Ten things delivering baby

Ten Things No​ One Tells You About Delivering a Baby.

One word of caution, this post has some raw (and somewhat embarrassing details) on the realities of childbirth based on my personal experiences. The actual birth of my first son was challenging to say the least. Some details I share here are unpleasant (that’s one way to put it I guess).  I honestly wished someone had told me the more gritty details before my first baby so I was better prepared mentally.

Sidenote – if you are in the process of packing for the hospital definitely check the top ten items you must pack

He was worth every second of that delivery. 

For context, I had my first baby in the hospital.   I had an epidural, long labor and four hours of pushing.  Due to some high-risk signals we also needed a team of pediatric doctors at delivery as to ensure the baby was alright (luckily he was). Some of these items might seem obvious (I never took a birth class or experienced being with someone having a baby before so was a total noob). All this said everything I went through was absolutely worth it and I went back for a second round two years later.

Now that I feel like a fair warning has been given, here’s the list:

  • Barforama – I didn’t realize that in addition to being in labor you also might hurl during the process. I threw up a lot through the entire delivery.  I guess the silver lining is the second time around I never threw-up so possibly it was the luck of the draw on this one.
  • So. Much. Sweat – Waking up the morning after having my son I felt like I walked out of a monsoon. Seriously drenched all the way through everything I was wearing and my sheets. Your body has a lot of fluid during pregnancy and after baby, there’s a major purge.
  • Ice, Ice diapers – Yup the nurses make ice diapers for you. These help with swelling and you will likely need a lot of help with that as well.
  • You = walking biohazard – Seriously, the first time I went in the shower felt like the scene from psycho. There was so much blood. This plus the sweat fest are good reasons to rock your hospital gown and not your own clothes at the hospital.  You also need to be prepared for the longest period of your life.  You can bleed up to a month after giving birth.  Never in my life did I think giant maxi pads would become a staple on my grocery list.  The good news is it will end.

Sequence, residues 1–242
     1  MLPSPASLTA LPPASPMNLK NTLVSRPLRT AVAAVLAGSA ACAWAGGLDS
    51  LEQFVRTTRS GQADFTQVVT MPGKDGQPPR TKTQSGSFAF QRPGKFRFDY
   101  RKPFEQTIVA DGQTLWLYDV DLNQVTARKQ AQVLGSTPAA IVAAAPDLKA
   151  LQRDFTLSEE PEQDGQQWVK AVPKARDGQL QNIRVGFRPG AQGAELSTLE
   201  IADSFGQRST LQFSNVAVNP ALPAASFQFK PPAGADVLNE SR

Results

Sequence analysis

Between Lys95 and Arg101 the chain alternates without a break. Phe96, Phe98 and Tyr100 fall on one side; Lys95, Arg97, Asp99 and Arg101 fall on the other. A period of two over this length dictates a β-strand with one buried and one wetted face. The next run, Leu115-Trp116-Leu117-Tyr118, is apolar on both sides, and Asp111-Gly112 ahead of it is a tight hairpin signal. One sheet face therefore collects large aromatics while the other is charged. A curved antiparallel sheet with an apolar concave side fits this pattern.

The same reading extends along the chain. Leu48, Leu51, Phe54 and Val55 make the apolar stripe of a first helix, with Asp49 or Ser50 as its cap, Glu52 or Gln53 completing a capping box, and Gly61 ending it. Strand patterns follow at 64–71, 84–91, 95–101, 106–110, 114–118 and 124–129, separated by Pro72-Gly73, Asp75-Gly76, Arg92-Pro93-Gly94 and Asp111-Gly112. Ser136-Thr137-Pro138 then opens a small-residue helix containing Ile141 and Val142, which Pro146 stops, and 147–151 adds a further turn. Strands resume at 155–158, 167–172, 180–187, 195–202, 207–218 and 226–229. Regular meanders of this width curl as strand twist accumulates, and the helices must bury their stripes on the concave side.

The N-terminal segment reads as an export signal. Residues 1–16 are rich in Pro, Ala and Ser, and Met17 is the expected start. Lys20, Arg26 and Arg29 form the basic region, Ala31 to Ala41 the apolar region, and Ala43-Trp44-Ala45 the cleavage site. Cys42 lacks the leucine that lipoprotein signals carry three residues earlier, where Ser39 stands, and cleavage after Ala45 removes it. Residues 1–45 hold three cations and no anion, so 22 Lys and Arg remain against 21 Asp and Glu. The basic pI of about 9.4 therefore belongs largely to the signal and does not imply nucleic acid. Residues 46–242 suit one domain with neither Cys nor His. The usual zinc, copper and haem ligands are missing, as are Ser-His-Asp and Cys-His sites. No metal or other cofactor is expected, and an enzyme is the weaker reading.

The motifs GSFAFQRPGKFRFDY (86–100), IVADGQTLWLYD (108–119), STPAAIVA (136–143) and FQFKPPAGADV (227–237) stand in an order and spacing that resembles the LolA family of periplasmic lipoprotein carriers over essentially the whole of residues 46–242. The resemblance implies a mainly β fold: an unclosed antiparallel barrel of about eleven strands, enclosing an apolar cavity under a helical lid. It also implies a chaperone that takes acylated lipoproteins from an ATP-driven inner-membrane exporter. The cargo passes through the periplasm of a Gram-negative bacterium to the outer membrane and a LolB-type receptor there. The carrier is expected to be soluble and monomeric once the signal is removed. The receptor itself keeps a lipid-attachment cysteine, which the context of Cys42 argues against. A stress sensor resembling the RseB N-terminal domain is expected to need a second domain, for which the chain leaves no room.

• Tear, down there – When you are squeezing ahead out a tiny space there is a chance you will tear. If that does happen and it’s more than a minor one they will likely need to give you stitches. They do this right after you deliver the placenta.
  • Not a whiz kid – It was hard to pee after an epidural and giving birth. You might end up constipated as well. It took me a week even on laxatives to have my first BM which is terrifying after being put back together like Frankenstein down there (I was scared but it didn’t end up being that bad).
  • Unicorns and epidurals – I love epidurals and think they are one of the most magical advancements of modern medicine.  Honestly, I never questioned if I wanted an epidural and after having the worst labor pains for 12 hours (my first labor pain was much worse than when I went without the second time). Getting an epidural was the best feeling ever. Not long after getting it I actually fell asleep through the worst of my labor. When it came time to push I was terrified that it would hurt, but it didn’t hurt (until later). I didn’t fully understand I wouldn’t feel anything at all, just pressure. 
  • You’ll get a massage – unfortunately, they aren’t sending in a swedish masseuse. The nurses will come to massage your uterus. For me, this was less painful, more uncomfortable pressure.
  • You’re taking my baby? –  There is a chance might not get to hold your baby right away. Knowing hospitals encourage immediate skin to skin contact I was excited for that moment when my son was born and they’d place him on my chest. He had meconium in the amniotic fluid so instead, a team of pediatric doctors took him immediately after birth (they were still in the room, but I couldn’t see him). He also didn’t cry so I was scared, but it ended up he was fine. I asked if he was ok and the doctors actually said, “he’s perfectly fine, just not very impressed with doctors.” With my second son, the delivery was much smoother and I got to hold him right away.
  • Bonding – Honestly after such a long labor and traumatic delivery I was beyond exhausted physically and mentally, in pain and just wanting to sleep. I didn’t want to hold my baby. I didn’t want to do anything but rest. After finally getting a break I fell immediately in love and started bonding with him.

That’s my list – I’d love to hear your thoughts and experiences as well.  Thanks for stopping by. 


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